As for your old covenant citations, as I said above, I believe the old covenant is obsolete. I realize some folks are inconsistent with this and try to apply old covenant rules like tithing today. We would both agree that one is wrong to do this. You because they are not charging the full 30% that’s actually required and me because I see tithe as an old covenant tax in the context of a theocracy. I have a blog post on tithe detailing this and you’re free to look it up if you like in my search bar.
One more point, a command to keep Passover in the old covenant (even if it isn’t obsolete) is not a law forbidding Easter. Even Jewish people today have many traditions not specifically commanded in the Torah. So even on this your logic presents a false dichotomy. When Jesus rebukes tradition in Mark 7 he only rebukes traditions that make void the word of God. He does not rebuke traditions that do not void the word of God. Jesus was very careful with his words.
On Easter we proclaim a sinners need for the gospel. Jesus died and rose to save us from our sins so that we will have faith and believe. In this great exchange we are given faith to believe in Jesus and are covered by his blood just like the Israelites were covered by the blood of a lamb on their doorpost in the exodus. What happened to the Israelites was an image, a type and shadow of what Christ has done to save us. Now we have the substance that was casting the shadow. Unless you’re opposed to the Gospel I don’t see how you could be opposed to Easter.
Do you see how anti-Semitic your doctrine is?
I disagree, I’m taking the Bible at face value. The Bible isn’t antisemitic. Remember, Roman’s 14:5 goes both ways. If people want to keep old covenant holidays as a cultural tradition its absolutely welcome.
Its proclaiming traditions as law that’s wrong or doing so as a way to deny Christ that is antichrist.
Your rebellion against the Most High is just amazing. Do you even think for one minute that the early church preached the demolition of the Torah? Is that why the Pharisees had to pay people to LIE? Had the early brethren preached the Torah now gone, they would not have had to “set up” witnesses to lie–to say that that’s what they had said. (Ref stoning of Stephen.) It would have been common knowledge. How come 18 YEARS post resurrection James sad for gentiles to give up four abominations AND that they could hear Moses read each Sabbath? How come 10 years after the resurrection Peter had not had anything unclean? (And please don’t bore me by some pitiful twisting to say that that vision was about food. Peter twice says what it was about.). Why did Constantine have to issue an EDICT about the Sabbath and about Easter?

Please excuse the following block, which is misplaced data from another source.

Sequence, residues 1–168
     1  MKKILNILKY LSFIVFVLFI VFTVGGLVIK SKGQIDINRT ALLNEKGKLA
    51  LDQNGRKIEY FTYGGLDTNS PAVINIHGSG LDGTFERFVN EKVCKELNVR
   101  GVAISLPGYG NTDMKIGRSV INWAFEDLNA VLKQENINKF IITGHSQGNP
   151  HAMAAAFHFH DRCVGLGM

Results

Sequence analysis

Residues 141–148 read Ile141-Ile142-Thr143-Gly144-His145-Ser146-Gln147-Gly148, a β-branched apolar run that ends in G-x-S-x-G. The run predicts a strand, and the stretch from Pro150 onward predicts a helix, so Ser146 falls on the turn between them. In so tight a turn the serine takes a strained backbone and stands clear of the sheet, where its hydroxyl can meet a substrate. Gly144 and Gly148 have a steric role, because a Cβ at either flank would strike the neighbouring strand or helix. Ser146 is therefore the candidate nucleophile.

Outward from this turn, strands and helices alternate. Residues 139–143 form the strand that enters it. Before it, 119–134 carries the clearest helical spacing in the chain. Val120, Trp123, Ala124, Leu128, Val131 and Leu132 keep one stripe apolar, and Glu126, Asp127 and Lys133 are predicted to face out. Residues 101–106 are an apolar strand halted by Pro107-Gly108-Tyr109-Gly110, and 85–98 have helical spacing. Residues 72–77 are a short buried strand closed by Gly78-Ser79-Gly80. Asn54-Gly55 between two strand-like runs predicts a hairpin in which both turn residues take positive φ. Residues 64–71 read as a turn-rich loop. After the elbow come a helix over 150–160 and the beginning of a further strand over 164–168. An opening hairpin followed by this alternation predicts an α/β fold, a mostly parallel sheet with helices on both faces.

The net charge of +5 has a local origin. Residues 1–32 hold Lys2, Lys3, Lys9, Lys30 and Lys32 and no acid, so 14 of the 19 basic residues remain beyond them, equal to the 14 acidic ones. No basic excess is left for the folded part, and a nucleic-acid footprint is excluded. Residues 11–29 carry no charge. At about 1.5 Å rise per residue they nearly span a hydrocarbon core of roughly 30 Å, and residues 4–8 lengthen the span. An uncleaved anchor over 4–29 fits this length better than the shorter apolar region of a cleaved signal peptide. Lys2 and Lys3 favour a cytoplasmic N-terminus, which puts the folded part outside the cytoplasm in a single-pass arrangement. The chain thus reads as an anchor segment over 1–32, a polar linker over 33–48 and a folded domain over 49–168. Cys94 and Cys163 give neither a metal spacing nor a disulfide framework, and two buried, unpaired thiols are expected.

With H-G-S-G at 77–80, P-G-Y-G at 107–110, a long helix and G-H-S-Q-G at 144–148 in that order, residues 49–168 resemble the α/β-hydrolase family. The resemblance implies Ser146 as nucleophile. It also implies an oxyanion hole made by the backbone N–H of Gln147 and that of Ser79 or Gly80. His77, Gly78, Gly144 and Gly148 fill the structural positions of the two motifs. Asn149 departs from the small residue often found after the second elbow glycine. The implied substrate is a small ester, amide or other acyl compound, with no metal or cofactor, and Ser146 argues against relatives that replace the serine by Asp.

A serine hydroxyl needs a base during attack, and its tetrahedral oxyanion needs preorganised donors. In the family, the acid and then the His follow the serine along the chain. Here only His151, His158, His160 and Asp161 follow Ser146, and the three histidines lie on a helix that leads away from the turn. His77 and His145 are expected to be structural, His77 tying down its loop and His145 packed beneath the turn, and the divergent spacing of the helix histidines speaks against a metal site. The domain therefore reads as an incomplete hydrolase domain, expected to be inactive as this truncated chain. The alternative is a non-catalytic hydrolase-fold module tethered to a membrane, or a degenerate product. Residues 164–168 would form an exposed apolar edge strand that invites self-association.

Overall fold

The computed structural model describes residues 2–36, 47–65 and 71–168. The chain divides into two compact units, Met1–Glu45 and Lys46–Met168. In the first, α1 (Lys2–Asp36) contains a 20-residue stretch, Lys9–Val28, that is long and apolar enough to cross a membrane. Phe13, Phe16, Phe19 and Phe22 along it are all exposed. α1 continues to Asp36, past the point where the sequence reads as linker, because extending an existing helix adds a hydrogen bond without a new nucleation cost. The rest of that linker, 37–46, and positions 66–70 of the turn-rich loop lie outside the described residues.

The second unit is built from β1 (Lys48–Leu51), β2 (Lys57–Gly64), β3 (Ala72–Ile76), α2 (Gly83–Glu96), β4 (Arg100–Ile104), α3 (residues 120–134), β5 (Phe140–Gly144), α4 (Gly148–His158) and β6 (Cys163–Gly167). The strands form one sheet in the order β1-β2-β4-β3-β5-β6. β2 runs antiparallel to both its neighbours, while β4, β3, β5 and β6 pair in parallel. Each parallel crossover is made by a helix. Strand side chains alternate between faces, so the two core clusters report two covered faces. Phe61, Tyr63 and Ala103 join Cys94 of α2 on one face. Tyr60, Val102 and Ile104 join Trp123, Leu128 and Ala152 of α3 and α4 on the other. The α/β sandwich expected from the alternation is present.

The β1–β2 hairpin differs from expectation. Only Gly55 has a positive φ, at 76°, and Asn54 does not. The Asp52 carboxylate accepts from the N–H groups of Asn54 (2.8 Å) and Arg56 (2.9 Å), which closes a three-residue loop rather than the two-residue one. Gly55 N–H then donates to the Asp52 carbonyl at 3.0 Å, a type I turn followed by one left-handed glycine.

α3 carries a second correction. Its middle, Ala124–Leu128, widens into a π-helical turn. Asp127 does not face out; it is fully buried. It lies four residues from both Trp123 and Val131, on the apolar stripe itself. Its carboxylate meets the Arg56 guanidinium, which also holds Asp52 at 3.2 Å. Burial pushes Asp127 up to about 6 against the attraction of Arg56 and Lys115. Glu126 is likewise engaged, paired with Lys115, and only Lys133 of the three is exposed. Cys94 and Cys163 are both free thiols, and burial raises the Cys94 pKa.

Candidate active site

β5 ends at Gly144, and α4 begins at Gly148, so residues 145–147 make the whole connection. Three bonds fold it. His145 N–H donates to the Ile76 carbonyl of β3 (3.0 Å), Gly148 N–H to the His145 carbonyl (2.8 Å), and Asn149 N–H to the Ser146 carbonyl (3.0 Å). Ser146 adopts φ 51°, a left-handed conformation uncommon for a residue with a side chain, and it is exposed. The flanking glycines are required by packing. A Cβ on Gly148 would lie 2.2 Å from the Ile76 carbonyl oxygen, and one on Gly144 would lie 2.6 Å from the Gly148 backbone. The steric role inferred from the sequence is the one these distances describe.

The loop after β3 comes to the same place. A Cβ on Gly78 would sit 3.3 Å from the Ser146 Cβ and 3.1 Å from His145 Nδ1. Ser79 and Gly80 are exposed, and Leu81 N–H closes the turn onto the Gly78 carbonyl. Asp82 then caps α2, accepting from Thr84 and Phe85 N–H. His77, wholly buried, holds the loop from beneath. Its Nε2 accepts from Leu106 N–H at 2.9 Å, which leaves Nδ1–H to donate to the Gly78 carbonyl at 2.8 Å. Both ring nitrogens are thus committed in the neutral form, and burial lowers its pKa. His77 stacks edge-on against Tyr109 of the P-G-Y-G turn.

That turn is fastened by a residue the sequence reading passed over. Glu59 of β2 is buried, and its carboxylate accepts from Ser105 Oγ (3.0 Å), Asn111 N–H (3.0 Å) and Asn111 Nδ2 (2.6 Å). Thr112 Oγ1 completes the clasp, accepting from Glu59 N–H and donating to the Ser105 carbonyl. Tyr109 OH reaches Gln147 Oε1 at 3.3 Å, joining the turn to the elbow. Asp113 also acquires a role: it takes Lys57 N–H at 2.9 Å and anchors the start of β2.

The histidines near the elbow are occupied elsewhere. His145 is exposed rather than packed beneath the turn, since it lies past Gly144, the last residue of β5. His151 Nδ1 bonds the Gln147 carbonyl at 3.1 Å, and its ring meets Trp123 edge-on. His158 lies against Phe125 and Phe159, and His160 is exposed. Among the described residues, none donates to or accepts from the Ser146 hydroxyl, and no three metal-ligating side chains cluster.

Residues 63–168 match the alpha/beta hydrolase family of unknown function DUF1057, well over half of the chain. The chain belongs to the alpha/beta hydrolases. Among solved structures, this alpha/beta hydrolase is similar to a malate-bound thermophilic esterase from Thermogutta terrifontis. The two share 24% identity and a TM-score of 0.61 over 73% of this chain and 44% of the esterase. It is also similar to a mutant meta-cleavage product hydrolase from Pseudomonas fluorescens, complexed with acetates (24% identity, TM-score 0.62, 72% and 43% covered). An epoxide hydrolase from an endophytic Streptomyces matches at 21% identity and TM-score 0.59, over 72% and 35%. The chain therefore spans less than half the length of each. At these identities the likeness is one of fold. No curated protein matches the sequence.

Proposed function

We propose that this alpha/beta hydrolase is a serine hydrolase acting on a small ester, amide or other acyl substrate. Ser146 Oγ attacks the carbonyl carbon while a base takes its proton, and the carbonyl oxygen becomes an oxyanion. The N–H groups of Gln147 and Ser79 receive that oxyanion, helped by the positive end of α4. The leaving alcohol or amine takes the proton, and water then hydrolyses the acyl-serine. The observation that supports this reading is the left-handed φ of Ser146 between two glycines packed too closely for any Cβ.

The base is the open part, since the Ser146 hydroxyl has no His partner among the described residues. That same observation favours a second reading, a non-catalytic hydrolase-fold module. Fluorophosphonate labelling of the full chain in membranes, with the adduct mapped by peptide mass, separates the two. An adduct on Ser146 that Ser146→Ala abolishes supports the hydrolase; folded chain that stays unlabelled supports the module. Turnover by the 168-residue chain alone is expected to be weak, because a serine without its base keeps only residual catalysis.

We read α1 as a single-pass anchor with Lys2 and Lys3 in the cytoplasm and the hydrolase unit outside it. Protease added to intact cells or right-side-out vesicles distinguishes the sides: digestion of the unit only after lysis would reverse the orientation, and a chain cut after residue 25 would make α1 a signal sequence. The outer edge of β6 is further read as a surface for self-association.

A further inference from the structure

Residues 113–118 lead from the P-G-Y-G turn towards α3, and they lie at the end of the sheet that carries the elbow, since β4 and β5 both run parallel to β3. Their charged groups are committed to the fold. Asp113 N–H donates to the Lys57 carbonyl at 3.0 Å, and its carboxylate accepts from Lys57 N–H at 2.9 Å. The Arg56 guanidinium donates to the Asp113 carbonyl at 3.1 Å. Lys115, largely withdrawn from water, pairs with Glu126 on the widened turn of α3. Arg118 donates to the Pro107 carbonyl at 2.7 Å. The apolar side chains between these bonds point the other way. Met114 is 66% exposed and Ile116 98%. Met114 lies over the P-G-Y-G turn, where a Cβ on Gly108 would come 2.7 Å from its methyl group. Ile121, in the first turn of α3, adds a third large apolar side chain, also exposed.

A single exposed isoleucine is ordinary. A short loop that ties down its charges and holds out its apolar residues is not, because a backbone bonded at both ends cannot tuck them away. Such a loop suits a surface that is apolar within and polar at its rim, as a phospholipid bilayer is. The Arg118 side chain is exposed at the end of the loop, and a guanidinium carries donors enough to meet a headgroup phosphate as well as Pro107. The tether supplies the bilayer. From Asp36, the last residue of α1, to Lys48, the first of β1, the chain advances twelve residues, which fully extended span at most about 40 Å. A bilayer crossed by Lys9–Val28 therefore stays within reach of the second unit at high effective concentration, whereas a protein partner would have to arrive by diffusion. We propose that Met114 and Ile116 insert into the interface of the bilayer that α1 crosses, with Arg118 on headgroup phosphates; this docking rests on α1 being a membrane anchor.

(Because some shady church people wanted cushy government paychecks, is why.)
What I’m seeing how is that since your other arguments failed you are shifting to new ones. Please clarify your intent. Are you conceding that you were wrong earlier by moving on now or are you just abandoning a failed argument and hoping a new one will work? In the spirit of human communication I’ll address your new points and await clarification at the moment.
1. You said: “Your rebellion against the Most High is just amazing”
As I articulated before, I believe that I am following the word at its plainest meaning. I was able to exegete every thesis point I utilized. How is it that you think that I see myself in rebellion? Please clarify.
2. You said: “Do you even think for one minute that the early church preached the demolition of the Torah?”
I never said the demolition of the Torah or any such thing. I think you’re talking to a figment of your imagination. Early church fathers and Christians today saw Christ as the fulfillment not the end of prophecy and old covenant ceremonial laws. I can give you quotes to support this if you’re interested but based on your comments after this one I don’t think you will care.
3. You said: “Is that why the Pharisees had to pay people to LIE?” Had the early brethren preached the Torah now gone, they would not have had to ‘set up’ witnesses to lie-to say that’s what they had said. (Ref stoning of Stephen.) It would have been common knowledge.”
I would like to give you a response to this but, with respect, I don’t understand what you’re trying to say. Your thoughts in this sentence appear incomplete to me. To me it seems you have a really nice argument in your mind but you think I’m assuming your meaning and you can just reference and earlier conversation we had. But that’s not the case and I don’t know what you’re trying to say here.
4. You said: “How come 18 YEARS post resurrection James sad for gentiles to give up four abominations AND that they could hear Moses read each Sabbath?”
James never references the Sabbath at all actually. Can you show me where he speaks of it being kept by Christian churches? I would expect the old testament to be read during the liturgy just as it is today in churches that still use the liturgy. Liturgical churches still base their homilies on old testament passages too. A good preacher can proclaim law and gospel rightly from any passage of scripture, old or new testament. Also, I am not advocating an antinomian teaching. I believe law is a thing, so James rebuking sin is something I concur with. Moral law is a thing. How I advocate discerning moral law is by juxtaposing what the apostles taught after the cross with the 613 laws commanded in the Torah. Things that line up are moral law and those that don’t are ceremonial.